The writer also pointed out that clubs in Europe are organized differently and said there's no point in comparing numbers, but I disagree. People are people, and if we create a good product, they will come. Every time someone has opened a nice table tennis club in the U.S. and run it properly, the people have come. The limiting factor isn't the U.S.; it's the small number of people in the U.S. able and willing to create such clubs. Sure, Belgium and other European countries have more government support, but entrepreneurs in the U.S. have shown over and over that professional table tennis clubs can make it in the U.S.  Look no further than the San Francisco Bay area, where new full-time clubs seem to pop up every week.

There's a reason why so many can open in a relatively small area and be successful. While more dedicated players will travel longer distances to play at a nice club, something like 90% of a club's business is with players within five miles. That's five miles in both directions, so call it a square with a ten mile diameter, or 100 square miles. You could ring most major cities with full-time clubs, as they have in the Bay area, and they'd barely affect each other. Plus the major cities themselves, with their much denser populations, can support a larger percentage. (The Maryland Table Tennis Center, my club, is about 15 miles north of Washington D.C.  I once estimated that the D.C. area could support 20-30 full-time clubs.)

Of course, from the point of view of each club, do we really want more local clubs that will take away some business? Of course it hurts a little bit, but not nearly as much as you'd think. More clubs means more players, and more players mean a larger field to draw when running leagues and tournaments. The simple reality is that most of a club's business is not only local, but from locals they develop themselves by promoting the sport and setting up programs that meet the needs of the players, i.e. leagues, coaching programs, etc.

Here's the current list of full-time clubs in the USA. I really wish USA Table Tennis had chosen to get involved in recruiting and training of coaches and promoters to set up these centers (as well as leagues), but my proposals to them over the years haven't convinced them. So we're on our own. Why not take an online virtual tour? Each of these clubs is the result of someone who took the initiative. They are the heroes of our sport, the ones who will take it to the next level.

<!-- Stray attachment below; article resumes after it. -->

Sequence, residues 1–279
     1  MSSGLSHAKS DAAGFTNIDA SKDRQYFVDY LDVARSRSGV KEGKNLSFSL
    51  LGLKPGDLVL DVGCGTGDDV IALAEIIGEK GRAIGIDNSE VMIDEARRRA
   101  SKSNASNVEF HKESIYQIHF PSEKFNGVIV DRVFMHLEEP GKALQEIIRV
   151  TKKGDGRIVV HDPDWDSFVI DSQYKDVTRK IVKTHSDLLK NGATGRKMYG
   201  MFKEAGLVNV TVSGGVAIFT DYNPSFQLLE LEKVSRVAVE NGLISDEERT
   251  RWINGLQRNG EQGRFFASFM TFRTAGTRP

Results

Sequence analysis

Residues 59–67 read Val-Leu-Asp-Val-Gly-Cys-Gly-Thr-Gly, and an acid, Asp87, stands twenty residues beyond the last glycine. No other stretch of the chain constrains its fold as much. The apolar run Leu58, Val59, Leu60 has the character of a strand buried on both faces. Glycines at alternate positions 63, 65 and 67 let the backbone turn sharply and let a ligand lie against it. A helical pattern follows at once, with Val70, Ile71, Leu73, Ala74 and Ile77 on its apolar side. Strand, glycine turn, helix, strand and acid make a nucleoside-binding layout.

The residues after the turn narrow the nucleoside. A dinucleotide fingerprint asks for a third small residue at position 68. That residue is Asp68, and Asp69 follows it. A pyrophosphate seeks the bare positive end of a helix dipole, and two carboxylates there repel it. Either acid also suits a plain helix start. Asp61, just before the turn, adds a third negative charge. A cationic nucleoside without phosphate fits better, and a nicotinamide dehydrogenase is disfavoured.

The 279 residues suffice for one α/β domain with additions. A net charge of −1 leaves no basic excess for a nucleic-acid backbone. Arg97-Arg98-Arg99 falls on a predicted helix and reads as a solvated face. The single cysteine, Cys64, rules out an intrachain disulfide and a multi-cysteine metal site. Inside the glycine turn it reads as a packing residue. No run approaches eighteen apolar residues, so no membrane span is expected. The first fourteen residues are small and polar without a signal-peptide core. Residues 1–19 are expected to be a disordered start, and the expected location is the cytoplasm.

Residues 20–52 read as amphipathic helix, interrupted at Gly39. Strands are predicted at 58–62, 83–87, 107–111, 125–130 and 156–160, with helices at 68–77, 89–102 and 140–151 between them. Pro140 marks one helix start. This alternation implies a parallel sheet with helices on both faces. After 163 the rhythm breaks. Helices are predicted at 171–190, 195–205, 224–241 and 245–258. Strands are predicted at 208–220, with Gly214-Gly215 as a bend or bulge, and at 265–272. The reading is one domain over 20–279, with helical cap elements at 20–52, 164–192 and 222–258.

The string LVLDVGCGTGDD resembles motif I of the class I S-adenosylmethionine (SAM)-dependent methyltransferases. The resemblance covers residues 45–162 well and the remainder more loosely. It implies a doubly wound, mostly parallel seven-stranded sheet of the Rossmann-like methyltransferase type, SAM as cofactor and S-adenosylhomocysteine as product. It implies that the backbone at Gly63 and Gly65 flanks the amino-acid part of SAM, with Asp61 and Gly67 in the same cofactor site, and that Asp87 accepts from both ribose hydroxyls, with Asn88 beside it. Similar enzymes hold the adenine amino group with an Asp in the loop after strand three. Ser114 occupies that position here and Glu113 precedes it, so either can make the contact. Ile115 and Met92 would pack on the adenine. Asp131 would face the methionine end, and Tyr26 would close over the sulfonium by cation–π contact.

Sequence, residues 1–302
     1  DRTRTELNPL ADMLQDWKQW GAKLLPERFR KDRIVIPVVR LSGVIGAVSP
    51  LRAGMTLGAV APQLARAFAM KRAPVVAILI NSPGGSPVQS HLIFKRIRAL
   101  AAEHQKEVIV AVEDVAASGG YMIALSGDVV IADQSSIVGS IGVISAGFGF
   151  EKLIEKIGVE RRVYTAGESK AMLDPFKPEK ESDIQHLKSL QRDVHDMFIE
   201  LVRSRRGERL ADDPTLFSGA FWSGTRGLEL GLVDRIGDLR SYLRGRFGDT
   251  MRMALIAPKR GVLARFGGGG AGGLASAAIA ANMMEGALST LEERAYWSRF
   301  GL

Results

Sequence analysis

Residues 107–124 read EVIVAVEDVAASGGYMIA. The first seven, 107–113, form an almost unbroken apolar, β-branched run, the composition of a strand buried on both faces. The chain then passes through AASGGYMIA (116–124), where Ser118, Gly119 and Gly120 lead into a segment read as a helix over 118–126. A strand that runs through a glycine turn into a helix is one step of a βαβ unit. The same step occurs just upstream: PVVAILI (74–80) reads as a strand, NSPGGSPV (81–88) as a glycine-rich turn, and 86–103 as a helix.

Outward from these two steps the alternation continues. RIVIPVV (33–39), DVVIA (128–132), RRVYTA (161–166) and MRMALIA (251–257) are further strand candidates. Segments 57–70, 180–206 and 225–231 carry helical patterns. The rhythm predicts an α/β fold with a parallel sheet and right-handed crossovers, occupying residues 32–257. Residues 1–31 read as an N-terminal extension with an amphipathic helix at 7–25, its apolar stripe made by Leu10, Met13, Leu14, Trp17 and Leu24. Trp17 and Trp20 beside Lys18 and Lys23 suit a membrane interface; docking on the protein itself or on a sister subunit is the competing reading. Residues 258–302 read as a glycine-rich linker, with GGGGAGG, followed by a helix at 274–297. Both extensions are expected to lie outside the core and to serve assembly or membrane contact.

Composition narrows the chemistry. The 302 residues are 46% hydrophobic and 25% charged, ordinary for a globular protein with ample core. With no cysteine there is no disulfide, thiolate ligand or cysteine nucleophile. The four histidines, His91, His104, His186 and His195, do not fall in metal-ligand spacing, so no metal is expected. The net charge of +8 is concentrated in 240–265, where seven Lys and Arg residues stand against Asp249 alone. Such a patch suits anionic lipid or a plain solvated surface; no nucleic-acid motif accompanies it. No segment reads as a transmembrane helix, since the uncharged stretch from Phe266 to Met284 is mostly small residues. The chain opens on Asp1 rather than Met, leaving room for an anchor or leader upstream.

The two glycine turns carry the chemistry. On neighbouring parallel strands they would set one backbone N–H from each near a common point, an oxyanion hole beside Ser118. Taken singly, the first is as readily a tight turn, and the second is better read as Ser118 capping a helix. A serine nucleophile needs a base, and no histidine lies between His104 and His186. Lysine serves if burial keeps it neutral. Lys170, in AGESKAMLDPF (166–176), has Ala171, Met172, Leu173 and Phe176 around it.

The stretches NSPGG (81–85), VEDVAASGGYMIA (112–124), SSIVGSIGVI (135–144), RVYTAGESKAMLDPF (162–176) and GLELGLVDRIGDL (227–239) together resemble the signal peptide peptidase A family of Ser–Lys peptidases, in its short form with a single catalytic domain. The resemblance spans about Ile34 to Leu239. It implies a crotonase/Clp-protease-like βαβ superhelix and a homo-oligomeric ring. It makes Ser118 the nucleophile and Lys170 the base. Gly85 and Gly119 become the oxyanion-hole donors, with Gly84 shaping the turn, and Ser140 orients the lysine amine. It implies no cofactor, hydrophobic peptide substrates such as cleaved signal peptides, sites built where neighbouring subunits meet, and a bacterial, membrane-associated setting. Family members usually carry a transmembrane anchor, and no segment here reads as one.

The Orioles Excuse

Some readers may remember my back problem tribulations of last year. I got over them from a regimen of weight training and stretching. After the back was better, I stopped weight training, and so far my back has survived. However, the weight training did something else - it made me play better. In particular, my upper body and legs were stronger, and this led to my better play. I found myself looping with mobility, consistency, and power that I hadn't had in years.

Now it's mostly gone and I'm back to futilely waving at balls as they whip past me. The solution? Back to weight training. However - I'm going to put it off a few more days, possibly a few more weeks. I've been following Baltimore Orioles baseball, and now they are in the playoffs. I usually did weight training at Planet Fitness on the way home from coaching sessions at the club, which often finish as the Orioles are about to play. They could be done as early as Friday (if they don't win the AL East today over the Yankees and then lose in the one-game wild-car playoff), or they could continue all the way to the World Series, with a potential seventh game scheduled on Nov. 1.  

So here's my vow. Starting after the Orioles finish their season, I will start up weight training again. Opponents beware!!!

USA Junior and Cadet Team Selection Procedures

Here is how USATT will selection their 2013 junior and cadet teams.

Ryder Cup Table Tennis

It seems the real reason USA lost to Europe at the Ryder Cup is the golfers spent all their time playing ping-pong. Here's another article on the topic care of Table Tennis Nation. (Yesterday I wrote about Phil Mickelson at the Ryder Cup; last Thursday I wrote about how table tennis was the heart of Team USA bonding at Ryder Cup.)

The Ping-Pong Round Table

I'm not sure if this is a conference table or King Arthur's table, but it looks like fun.

The King Kong of Ping Pong

Yes, King Kong plays ping-pong. Guess what he uses for balls?